(6/10) In a nutshell: First serious American motion picture to go where no man has gone before. This 1950 Poverty Row movie was rushed into production to beat the lavish Destination Moon to cinemas and take advantage of the media buzz surrounding it. However, in some regards the cheap ripoff actually surpasses the ”original”, thanks to an Oscar-winning screenwriter, one of Hollywood’s greatest cinematographers, good acting and a movie with a good deal of heart and soul.
Rocketship X-M (1950). Directed by Kurt Neumann. Written by Dalton Trumbo, Kurt Neumann, Orville H. Hampton. Starring: Lloyd Bridges, Osa Massen, John Emery, Noah Beery Jr, Hugh O’Brian, Morris Ankrum, Judd Holdren, Barry Norton. Produced by Kurt Neumann, Murray Lerner for Lippert Pictures. IMDb score: 4.9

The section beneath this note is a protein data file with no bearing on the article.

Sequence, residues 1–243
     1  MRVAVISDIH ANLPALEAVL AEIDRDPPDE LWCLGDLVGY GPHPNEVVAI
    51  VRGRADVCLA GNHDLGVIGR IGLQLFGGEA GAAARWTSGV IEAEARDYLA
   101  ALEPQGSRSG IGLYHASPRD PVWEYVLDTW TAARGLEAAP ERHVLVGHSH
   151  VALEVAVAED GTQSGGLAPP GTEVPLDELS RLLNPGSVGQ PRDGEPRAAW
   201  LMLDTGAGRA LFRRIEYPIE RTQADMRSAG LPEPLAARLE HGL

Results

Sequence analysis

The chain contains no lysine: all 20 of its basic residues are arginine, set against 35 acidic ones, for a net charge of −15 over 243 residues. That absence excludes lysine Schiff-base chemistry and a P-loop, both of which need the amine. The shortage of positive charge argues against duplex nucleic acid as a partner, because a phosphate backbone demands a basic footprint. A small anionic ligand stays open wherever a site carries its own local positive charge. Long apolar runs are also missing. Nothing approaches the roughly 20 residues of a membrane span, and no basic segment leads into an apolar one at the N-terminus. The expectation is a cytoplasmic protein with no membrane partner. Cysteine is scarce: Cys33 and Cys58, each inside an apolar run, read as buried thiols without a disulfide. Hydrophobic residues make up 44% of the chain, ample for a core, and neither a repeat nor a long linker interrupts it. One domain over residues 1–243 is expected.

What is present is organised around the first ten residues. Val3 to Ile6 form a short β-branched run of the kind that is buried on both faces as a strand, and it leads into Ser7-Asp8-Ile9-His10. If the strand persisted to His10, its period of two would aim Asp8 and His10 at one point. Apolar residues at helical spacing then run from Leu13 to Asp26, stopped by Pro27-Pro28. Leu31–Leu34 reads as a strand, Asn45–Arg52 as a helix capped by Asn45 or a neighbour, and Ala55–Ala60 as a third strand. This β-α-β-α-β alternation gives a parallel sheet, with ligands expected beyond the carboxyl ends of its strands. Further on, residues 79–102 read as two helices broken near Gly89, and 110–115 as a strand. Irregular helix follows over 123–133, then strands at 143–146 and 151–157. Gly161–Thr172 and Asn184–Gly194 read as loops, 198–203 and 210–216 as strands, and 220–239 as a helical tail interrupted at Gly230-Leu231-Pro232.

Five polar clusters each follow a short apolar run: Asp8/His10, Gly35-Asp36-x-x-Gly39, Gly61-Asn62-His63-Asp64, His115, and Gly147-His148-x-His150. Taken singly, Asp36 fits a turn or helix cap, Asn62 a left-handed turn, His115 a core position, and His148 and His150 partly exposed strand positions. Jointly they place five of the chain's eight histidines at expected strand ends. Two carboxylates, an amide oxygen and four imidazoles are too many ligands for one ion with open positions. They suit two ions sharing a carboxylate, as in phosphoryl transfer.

After the abysmal sci-fi decade that was the forties, fans of the genre finally got to look forward to well-made, original, lavish, high-quality – actual – science fiction films. The spark that ignited the explosion of A-list science fiction films about space travel in the early eighties was a costly gamble of 600 000 dollars, in lavish colour, co-written by author Robert A. Heinlein, that won an Oscar for special effects and was nominated for another for art direction – the first American moon landing film that strived for scientific accuracy. Except that was not this movie. That movie was George Pal’s Destination Moon (review). This film is the low-budget, black-and-white quickie produced by Poverty Row studio Lippert Pictures about a rocketship that accidentally end up on Mars instead of the moon and meet the family from The Hills Have Eyes. Continue reading